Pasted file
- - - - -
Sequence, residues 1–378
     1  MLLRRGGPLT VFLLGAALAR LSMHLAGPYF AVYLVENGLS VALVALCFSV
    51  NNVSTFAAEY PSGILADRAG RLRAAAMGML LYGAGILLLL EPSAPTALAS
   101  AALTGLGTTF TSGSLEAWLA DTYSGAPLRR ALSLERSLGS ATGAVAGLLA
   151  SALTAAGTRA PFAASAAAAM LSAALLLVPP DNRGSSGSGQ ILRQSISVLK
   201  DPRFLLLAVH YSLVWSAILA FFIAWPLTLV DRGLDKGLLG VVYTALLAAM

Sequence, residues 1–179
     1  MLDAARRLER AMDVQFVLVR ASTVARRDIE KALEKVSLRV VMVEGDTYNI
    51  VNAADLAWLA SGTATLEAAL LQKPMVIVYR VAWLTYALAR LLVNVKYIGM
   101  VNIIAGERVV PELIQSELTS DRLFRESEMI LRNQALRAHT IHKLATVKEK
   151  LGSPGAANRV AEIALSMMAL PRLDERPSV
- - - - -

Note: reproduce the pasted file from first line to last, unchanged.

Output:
Sequence, residues 1–378
     1  MLLRRGGPLT VFLLGAALAR LSMHLAGPYF AVYLVENGLS VALVALCFSV
    51  NNVSTFAAEY PSGILADRAG RLRAAAMGML LYGAGILLLL EPSAPTALAS
   101  AALTGLGTTF TSGSLEAWLA DTYSGAPLRR ALSLERSLGS ATGAVAGLLA
   151  SALTAAGTRA PFAASAAAAM LSAALLLVPP DNRGSSGSGQ ILRQSISVLK
   201  DPRFLLLAVH YSLVWSAILA FFIAWPLTLV DRGLDKGLLG VVYTALLAAM

Sequence, residues 1–179
     1  MLDAARRLER AMDVQFVLVR ASTVARRDIE KALEKVSLRV VMVEGDTYNI
    51  VNAADLAWLA SGTATLEAAL LQKPMVIVYR VAWLTYALAR LLVNVKYIGM
   101  VNIIAGERVV PELIQSELTS DRLFRESEMI LRNQALRAHT IHKLATVKEK
   151  LGSPGAANRV AEIALSMMAL PRLDERPSV